ABBY: Not out of the realm of possibility. While what I’m about to tell you is certainly the more entertaining story and quite possibly the truth of it, just know that it is an interpretation based on what limited facts we know about the guy.
FM: Fair ‘nough. So this Ay guy’s story?
ABBY: It’s a story of romance, sabotage, and murder.
CH: Somebody call Jessica Fletcher.
FM: Good luck calling anyone out here. I ain’t had reception in a good long while.
ABBY: Me either, come to think on it. Anyway, we now know of Ay. Everyone knows of King Tut. But there is a third player in this tale: Ankhesenamun.
CH: The catalyst from the Mummy movies?
ABBY: Or at least the woman who inspired that character. She, being his own half-sister, was married off to King Tut. It is heavily speculated that she was married to her own father prior to Tut.
CH: Incest? That’s pretty shocking.
FM: Not for Alabama it ain’t.
ABBY: Wow, harsh. While it’s taboo in modern times, incest was common place in the ancient world as a means to keeping the noble bloodlines pure and reducing claims to the throne.
CH: And how’d that work out for our leading lady and little King?
ABBY: Unfortunately, this factor is likely what led to Tut and Ank’s two unfortunate miscarriages, which were found mummified alongside their father in Tut’s tomb.
FM: Besides their father? Not father and mother?
ABBY: Now you’re catching on. After the death of King Tut at the age of 19, the Queen was in distress. Seeking to carry on her bloodline, she secretly reached out to the King of the Hittites requesting a groom and so he sent his son.
FM: And I’m supposin’ his would-be groom of a son didn’t make it to her in one piece?
ABBY: Astute. He was mysteriously murdered en route to Ankhesenamun.
CH: Well, that’s suspicialicous. I’m placing my bets on this Ay fella.
ABBY: As did the King of the Hittites. Ever reluctant, Ankhesenamun was eventually forced to marry the once viser to her late husband and the very man accused of assassinating her recent groom-to-be. Ay.
FM: You reckon he did ‘em dirty?
ABBY: I mean, after her passing, Ankhesenamun was never mentioned again, not even in the tomb of Ay, her own husband. It does seem on paper like the perfect crime, but again, we only speculate.
CH: So...about that surprise you got for us?
ABBY: Since you like The Mummy so much, this proverbial phrase should be familiar. “Patience is a virtue.” But alas, here it is.
[sound of heavy lifting]
FM: Whoa, we got the same beer cooler! And here I thought you weren't a drinker.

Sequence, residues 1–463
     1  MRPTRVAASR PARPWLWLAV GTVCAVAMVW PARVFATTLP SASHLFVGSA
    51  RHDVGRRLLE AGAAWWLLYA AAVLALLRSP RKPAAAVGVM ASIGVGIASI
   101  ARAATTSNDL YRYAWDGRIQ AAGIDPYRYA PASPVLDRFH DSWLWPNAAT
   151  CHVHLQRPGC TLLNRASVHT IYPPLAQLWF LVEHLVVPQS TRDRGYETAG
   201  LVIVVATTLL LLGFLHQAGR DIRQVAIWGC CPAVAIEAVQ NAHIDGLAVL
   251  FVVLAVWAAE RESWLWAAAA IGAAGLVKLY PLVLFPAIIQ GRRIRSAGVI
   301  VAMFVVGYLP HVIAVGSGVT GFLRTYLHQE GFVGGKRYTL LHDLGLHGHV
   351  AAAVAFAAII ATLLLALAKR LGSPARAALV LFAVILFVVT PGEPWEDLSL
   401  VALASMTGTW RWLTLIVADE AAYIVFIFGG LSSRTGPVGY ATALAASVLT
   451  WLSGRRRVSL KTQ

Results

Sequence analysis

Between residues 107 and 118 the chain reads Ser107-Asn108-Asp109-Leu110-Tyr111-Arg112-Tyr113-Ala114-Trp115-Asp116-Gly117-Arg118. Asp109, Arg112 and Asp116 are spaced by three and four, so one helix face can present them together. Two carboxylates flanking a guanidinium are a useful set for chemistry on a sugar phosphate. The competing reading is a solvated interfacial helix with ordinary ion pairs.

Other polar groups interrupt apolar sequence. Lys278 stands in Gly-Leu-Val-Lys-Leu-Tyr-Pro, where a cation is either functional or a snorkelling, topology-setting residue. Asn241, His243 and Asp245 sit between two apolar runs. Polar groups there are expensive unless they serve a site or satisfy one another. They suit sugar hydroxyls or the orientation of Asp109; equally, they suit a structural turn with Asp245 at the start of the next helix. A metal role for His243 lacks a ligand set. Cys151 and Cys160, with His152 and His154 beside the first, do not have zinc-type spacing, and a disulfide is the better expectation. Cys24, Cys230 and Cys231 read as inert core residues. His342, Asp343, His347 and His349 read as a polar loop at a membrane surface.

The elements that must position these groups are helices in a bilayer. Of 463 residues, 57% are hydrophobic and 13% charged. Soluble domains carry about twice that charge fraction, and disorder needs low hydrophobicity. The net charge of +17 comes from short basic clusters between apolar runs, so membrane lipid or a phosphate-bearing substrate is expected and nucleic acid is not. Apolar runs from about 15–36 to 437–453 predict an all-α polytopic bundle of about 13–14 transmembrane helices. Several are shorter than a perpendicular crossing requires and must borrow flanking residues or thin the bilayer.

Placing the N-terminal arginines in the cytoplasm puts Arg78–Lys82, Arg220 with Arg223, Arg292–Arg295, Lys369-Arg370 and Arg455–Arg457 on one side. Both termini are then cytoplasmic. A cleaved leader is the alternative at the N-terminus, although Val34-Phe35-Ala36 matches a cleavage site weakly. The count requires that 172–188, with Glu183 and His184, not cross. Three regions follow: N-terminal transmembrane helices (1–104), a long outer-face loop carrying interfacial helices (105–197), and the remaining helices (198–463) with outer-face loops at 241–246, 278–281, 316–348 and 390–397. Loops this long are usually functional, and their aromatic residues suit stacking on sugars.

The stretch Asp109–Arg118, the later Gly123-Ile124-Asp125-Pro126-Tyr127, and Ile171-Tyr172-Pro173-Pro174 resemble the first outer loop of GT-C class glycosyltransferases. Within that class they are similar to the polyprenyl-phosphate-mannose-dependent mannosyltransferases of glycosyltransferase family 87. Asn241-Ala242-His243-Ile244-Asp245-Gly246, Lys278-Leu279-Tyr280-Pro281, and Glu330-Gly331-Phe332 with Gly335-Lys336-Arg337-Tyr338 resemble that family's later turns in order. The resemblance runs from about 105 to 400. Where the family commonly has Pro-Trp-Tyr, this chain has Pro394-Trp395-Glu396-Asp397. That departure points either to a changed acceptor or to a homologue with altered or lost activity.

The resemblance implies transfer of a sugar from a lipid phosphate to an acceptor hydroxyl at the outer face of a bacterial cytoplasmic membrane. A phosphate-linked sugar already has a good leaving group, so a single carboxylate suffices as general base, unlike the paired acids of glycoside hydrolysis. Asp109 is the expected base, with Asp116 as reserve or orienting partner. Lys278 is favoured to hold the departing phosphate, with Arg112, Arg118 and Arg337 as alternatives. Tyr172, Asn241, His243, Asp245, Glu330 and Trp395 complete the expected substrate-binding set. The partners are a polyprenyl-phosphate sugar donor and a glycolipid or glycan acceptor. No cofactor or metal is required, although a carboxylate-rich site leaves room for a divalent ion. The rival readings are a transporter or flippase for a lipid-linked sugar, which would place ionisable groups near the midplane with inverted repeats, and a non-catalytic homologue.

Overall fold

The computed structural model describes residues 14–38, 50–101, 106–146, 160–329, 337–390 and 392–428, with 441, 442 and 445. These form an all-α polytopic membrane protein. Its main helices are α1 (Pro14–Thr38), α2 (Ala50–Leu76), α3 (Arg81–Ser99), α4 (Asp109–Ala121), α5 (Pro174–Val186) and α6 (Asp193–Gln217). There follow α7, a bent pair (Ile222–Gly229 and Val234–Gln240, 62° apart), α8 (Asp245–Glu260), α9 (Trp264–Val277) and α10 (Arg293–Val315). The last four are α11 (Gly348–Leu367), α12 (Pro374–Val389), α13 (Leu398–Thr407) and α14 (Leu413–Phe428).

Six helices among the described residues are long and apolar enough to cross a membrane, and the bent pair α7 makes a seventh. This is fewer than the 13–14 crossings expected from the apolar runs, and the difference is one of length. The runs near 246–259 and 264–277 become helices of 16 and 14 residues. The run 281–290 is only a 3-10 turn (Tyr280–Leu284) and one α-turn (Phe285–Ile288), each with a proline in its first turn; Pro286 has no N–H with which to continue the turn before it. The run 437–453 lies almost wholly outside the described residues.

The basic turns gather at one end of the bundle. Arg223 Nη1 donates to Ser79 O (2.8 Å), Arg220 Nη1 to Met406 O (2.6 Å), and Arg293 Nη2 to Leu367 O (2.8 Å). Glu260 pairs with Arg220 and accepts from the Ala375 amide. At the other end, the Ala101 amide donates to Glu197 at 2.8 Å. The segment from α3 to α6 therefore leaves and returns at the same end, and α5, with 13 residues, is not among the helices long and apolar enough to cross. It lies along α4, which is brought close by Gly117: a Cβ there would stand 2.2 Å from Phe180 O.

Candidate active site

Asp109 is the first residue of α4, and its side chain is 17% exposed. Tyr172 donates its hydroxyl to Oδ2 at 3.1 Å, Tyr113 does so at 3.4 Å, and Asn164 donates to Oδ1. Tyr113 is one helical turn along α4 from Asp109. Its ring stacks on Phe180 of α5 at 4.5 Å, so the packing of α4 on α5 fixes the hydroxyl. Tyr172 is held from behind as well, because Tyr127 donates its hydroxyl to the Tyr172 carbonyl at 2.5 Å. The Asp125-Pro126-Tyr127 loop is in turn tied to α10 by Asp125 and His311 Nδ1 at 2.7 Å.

ABBY: Hardly. This is an isolated container housing four particularly priceless objects. One second, let me get my gloves on. For that matter, you two need to wear gloves as well. Here, take these.
FM: Cotton gloves. Snatch these from your museum archives?
ABBY: Haha, you know me well. And, here they are!
CH: Whoa, with its cylindrical shape and ornate lid fashioned in the likeness of Anubis, this can only be one thing.
ABBY: Correct, this is a canopic jar!
CH: Oh, right. I definitely wasn’t going to say “beer stein.”
FM: Ain’t that were the heart goes or something of the like?
ABBY: There are four canopic jars in all, each housing an organ: the stomach, lungs, liver, and intestines. The heart was actually believed to contain the person’s soul so it stays with the body.
FM: One might say, they keep it under wraps?
CH: Wowzers, these jars are heavier than I thought! Was this man’s liver made of lead?
ABBY: Well, that brings us right back to our little tale, for these very jars house the organs of Pharaoh Ay himself!
FM: Jumpin’ Jesus, you for real?
ABBY: More real than any curse, that’s for sure. Here, take a look at the other jars. Just be careful. My merit is on the line here.
FM: Of course, of course. These are priceless. Can’t put into words now in awe I am.
CH: In “Ay” you mean. Speaking of Ay, how about I take a little peek in this jar here…
ABBY: Nope, I’ll take that back now, thank you.
CH: Aw shucks I just wanted a tiny little peek.
ABBY: No peeks. Be respectful. Harry, where’s the jar I handed you?
FM: Oh, I put it back in the case a moment ago.